We reviewed the draft checklist developed by the INS for use by the contract investigators and noted that for each school the INS plans to provide the names of five students for the investigator to verify while on site. (The checklist offers no details on how this verification is to be accomplished.) In our opinion, review of five files per school may not be sufficient; rather, a better sample might be based on a specified percentage of foreign students enrolled in each school.
Further, we are concerned with the INS's response to this recommendation because it is unclear whether the contract investigators who will conduct the site visits will be qualified to perform audits that involve an assessment of internal controls and a sampling of records. The Department of Education already requires schools participating in federal student financial aid programs to obtain independent financial and compliance audits. We believe the most effective way for the INS to ensure that SEVIS audits are performed would be to coordinate with the Department of Education to incorporate SEVIS reviews into its audits. While this suggestion should encompass the majority of schools, the INS still would need to ensure that the remaining schools were audited.
In its response to the OIG's May 2002 report, the INS stated that it has not yet determined who at INS district offices would review and approve schools' applications for enrollment in SEVIS. The INS stated that, contrary to our recommendation, INS personnel would not be dedicated to this task on a full-time basis. Rather, the INS said that this responsibility would be the "primary duty" of these INS employees, and full-time if warranted.
At the four INS district offices we visited during our May 2002 review, we found that the designated school officials were spending only 20 percent or less of their time on certifying and monitoring schools. Frequently, those individuals worked on other duties, such as processing other INS applications, when backlogs occurred. As a result, we found delays in processing school applications. In addition, we found that the schools officers reviewed applications in a perfunctory manner and did no follow-up monitoring to ensure that the schools continued to meet program requirements.
In order for SEVIS to operate effectively, the INS must train its employees on the new system. The INS convened SEVIS training sessions in June and requested that each district office send a representative. However, because the INS had not decided who specifically in the district offices will be certifying and approving schools, there is no assurance that the appropriate INS personnel attended the training sessions. Furthermore, our report noted the importance of providing SEVIS training not only to adjudicators, but also to INS inspectors and investigators. INS inspectors at the ports of entry need to be familiar with SEVIS in order to counter attempts by individuals posing as students to enter the United States fraudulently. In addition, SEVIS data will be useful to INS investigators to help identify fraud. We are not aware that any such training has been provided to these groups.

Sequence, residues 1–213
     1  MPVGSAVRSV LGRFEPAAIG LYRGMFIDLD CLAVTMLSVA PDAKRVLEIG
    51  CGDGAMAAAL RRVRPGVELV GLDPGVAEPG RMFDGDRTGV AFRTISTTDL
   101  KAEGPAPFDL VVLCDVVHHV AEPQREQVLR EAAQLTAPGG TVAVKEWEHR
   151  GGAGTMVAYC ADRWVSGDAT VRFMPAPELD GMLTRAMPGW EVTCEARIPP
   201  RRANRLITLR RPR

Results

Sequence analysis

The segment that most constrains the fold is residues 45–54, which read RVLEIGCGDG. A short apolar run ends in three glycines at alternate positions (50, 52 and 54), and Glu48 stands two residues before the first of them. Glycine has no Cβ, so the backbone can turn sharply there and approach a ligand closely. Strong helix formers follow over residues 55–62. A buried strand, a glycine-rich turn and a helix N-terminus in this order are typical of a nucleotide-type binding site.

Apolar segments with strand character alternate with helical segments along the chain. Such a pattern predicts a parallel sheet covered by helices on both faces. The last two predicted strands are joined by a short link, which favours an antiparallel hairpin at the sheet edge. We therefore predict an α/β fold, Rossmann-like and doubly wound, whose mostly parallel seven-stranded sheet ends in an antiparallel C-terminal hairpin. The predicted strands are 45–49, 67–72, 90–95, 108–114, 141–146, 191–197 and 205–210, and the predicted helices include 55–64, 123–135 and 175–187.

The INS has not implemented any formal training on SEVIS for Designated School Officials (DSOs), the officials responsible for representing schools in all matters related to foreign students. DSOs determine students' academic and financial eligibility, ensure compliance with INS record keeping and reporting requirements, monitor students' activities and report violations, notify the INS of material changes in students' programs, and certify whether students are eligible to receive certain immigration benefits, such as employment. Only the individuals designated as DSOs by the school will be provided password access to SEVIS.
Throughout the past year, the INS has held a number of SEVIS demonstrations for school officials, and various school associations have provided training for their members. However, these training sessions were not mandatory and were not necessarily attended by DSOs from smaller schools (including flight schools) who are probably most in need of such training. During our May 2002 review, the INS had discussed developing a certification program that would require potential DSOs to complete an on-line training module prior to allowing them access to SEVIS. We are unaware of the status of this proposal.
The law, as it currently stands, allows foreign visitors to attend classes in the United States on a part-time basis without having to obtain student visas. The INS does not currently collect information about these students or otherwise monitor them, and it does not plan to collect this information once SEVIS is implemented fully. Schools that offer courses on a part-time basis will not be included in SEVIS unless they also have full-time programs to enroll foreign students. These include flight schools and trucking schools, which often do not provide the minimum number of course hours per week that would place the school under the INS's monitoring system for full-time students.